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New York Harbor site of Williamsburg Pipeline project NY state denied Photo: Wayne Parry, AP
The Environmental Protection Agency (EPA) yesterday issued another rule dealing a blow to 40 years of settled law on the authority of states and tribes under the Clean Water Act to block fossil fuel projects such as natural gas pipelines and coal terminals that could pollute state waterways. The New York Times reports that the rollback infringes on states’ legal rights and their ability to ensure that drinking water supplies are safe, which are needed especially to protect frontline communities. This announcement came the same day that the EPA Inspector General found that the agency failed to protect North Carolina drinking water from massive loads of PFAS or “forever” chemicals due to a lack of coordination between the regional office and the office of compliance and enforcement.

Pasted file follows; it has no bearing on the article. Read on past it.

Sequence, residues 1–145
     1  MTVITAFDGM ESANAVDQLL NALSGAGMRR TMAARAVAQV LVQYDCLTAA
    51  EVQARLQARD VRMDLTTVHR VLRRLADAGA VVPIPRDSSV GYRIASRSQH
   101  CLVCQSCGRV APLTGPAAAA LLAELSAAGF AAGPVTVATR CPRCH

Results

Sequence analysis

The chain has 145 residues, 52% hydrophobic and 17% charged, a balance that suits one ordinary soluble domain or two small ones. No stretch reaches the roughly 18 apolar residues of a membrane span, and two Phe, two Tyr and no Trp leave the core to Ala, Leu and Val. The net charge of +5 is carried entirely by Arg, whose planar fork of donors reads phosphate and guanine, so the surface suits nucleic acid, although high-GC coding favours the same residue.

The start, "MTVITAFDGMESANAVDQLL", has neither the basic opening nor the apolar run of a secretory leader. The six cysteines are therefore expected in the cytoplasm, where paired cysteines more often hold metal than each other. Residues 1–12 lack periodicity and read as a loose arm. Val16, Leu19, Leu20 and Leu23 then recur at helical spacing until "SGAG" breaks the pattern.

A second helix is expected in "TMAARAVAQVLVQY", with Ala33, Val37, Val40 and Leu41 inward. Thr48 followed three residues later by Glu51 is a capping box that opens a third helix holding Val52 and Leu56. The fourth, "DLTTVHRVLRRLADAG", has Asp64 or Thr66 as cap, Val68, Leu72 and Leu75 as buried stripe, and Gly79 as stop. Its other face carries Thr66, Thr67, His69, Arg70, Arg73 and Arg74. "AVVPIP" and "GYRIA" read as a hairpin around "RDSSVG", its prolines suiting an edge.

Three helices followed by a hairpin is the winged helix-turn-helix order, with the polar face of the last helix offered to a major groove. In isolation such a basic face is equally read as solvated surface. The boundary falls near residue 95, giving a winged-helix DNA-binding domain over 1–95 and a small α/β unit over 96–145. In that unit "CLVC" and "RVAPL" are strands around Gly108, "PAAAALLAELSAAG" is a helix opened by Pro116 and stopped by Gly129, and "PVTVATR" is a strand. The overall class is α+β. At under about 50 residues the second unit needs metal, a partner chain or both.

Undercuts The Clean Water Act and Fuels Water Injustice
According to Robert Irvin, the President of American Rivers and one of the nation’s leading legal experts on the Clean Water Act, Congress “gave states the authority to do more than the federal government is doing in order to clean up our rivers and have fishable, swimmable waters. He told The Washington Post that, “[t]his administration is happy to put the responsibility for dealing with the pandemic on the states, but they’re far too quick to strip states of authority when they’re trying to protect rivers and clean water.” Environmental groups and states argued this significantly hurts their ability to evaluate complicated projects with their limited resources and now companies seeking permits will just delay requests to submit data and run out the new one-year time clock. However, the agency has shown repeatedly it is lax on water enforcement. Yesterday, the EPA’s own Inspector General found that the Agency failed to enforce its own order against a Dupont chemical company and now the state of North Carolina has found “staggering” levels of PFAS in the Cape Fear River there that provides drinking water to many local towns.
Why This Matters: Rivers are often touted as an environmentally friendly and cheap mode of transportation – even here in the U.S. (e.g., the Mississippi River). But there are many other users who rely on these waterways in India for fishing and other livelihoods.
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